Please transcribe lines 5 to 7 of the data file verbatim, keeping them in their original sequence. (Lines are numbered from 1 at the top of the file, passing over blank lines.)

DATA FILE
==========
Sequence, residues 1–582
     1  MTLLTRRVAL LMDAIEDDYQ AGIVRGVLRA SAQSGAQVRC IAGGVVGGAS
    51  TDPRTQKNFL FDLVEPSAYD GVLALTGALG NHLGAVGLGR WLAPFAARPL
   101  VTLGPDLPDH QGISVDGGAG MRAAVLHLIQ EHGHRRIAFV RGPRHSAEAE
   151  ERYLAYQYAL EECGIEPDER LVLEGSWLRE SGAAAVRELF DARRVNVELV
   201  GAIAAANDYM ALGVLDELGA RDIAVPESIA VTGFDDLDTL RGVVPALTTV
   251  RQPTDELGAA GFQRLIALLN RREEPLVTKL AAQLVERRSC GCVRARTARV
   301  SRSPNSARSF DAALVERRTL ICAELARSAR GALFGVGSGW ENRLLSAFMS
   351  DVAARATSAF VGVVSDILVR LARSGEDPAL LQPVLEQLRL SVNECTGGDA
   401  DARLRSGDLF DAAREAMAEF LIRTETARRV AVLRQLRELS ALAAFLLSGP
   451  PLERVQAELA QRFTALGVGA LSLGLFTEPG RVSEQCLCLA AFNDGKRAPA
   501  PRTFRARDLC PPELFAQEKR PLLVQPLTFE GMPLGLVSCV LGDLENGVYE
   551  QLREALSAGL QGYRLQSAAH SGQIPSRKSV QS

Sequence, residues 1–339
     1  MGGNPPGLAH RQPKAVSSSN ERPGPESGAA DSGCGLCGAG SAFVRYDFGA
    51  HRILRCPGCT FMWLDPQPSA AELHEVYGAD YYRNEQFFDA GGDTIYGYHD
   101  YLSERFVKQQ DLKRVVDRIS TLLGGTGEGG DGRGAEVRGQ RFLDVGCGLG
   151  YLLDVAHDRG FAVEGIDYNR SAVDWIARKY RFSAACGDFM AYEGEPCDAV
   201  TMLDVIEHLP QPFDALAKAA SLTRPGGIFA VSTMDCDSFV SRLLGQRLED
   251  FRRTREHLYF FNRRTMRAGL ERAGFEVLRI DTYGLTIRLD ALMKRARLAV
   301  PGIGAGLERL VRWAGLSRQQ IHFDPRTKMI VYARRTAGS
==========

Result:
   151  ERYLAYQYAL EECGIEPDER LVLEGSWLRE SGAAAVRELF DARRVNVELV
   201  GAIAAANDYM ALGVLDELGA RDIAVPESIA VTGFDDLDTL RGVVPALTTV
   251  RQPTDELGAA GFQRLIALLN RREEPLVTKL AAQLVERRSC GCVRARTARV